Burnet County Commissioner Joe Don Dockery reads a name picked from an envelope held by Vicinta Stafford of the County Clerk’s Office while fellow Commissioner Billy Wall awaits his turn. The envelope held names of Burnet County residents who have served on grand juries in the past year. Eleven were chosen — nine members and two alternates — to serve on the Salary Grievance Committee. Staff photo by Suzanne Freeman
The 2021-22 Burnet County budget will soon take center stage at Commissioners Court meetings. Discussions on including new items not already in the budget began at the court’s regular meeting Tuesday, July 13.
Burnet County Judge James Oakley has until July 31 to present the new budget to commissioners, who will then work out the details over the next three months. The final budget must be adopted by Oct. 1.
The upcoming budget will get some help from the American Rescue Plan Act, which provides money that can be used to help counties recover from the negative economic effects of the coronavirus pandemic.
Commissioners also voted to apply for two different grants to install electric vehicle-charging stations at county-owned parking lots and help fund a transition to LED lights at all county facilities.
“We applied for it to see,” Oakley said. “With these types of grants, you apply for them, but you don’t necessarily have to use them.”
Both grants would require 20 percent matching funds. The charging station grant would be for $9,000; the LED lights grant for $75,000. The county already has matching funds set aside for these types of grants in its current budget.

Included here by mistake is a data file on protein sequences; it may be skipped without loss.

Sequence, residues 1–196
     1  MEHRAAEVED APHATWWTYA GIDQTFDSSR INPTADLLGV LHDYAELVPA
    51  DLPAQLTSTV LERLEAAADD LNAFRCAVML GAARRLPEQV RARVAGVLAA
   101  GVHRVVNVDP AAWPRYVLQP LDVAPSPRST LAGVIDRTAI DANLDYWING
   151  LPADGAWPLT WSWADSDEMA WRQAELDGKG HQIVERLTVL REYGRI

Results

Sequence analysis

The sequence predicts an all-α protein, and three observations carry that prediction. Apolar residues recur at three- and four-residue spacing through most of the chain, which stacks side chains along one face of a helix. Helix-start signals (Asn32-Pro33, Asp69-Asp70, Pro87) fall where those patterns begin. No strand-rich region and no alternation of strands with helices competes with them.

“I’ve had some people ask if we could put some charging stations around the courthouse,” Oakley told DailyTrib.com after the meeting. “The city owns the sidewalks and parking around the courthouse, and we can’t apply for grants for land we don’t own. We do own the parking lots at the north and south county annexes.”
As for new budget requests not already included, the sheriff’s office has asked for eight new deputies. Four new positions are already included in the upcoming budget, Oakley said.
Also, two justices of the peace have asked that part-time positions on their staffs be funded as full-time positions. A third justice wants to reinstate a part-time position and add overtime money to her budget.
The county hopes to include a new county maintenance position and a new janitorial position as well. The janitor could be paid for out of COVID-19 funds from the federal government.
Additional positions are also needed at the Burnet County Jail, another place where ARPA funds can be used. Those positions had to be added because of extra screening and isolation needs caused by the pandemic.
“What about when those ARPA funds run out,” Commissioner Damon Beierle asked.
“That’s a really good question,” Oakley replied, adding that the county will have at least two years to find ways to incorporate new positions and expenditures into future budgets.
In other business, commissioners also:
declared July First Responders Month;
agreed to allow the Highland Lakes Amateur Radio Club to house its emergency response radio trailer at Precinct 4 facilities;
and rehired Pattillo, Brown & Hill LLP to conduct the annual county audit.
They also agreed to up the reimbursement of work boots from $100 to $130.
“No two boots are created equal,” said Oakley as the commissioners voted to increase reimbursement.
A request from Commissioner Beierle to reimburse employees for prescription safety glasses at $100 each was tabled for more study.
“This is not something we’ve done before,” Oakley said. “Is it OK if we slept on that a little bit?”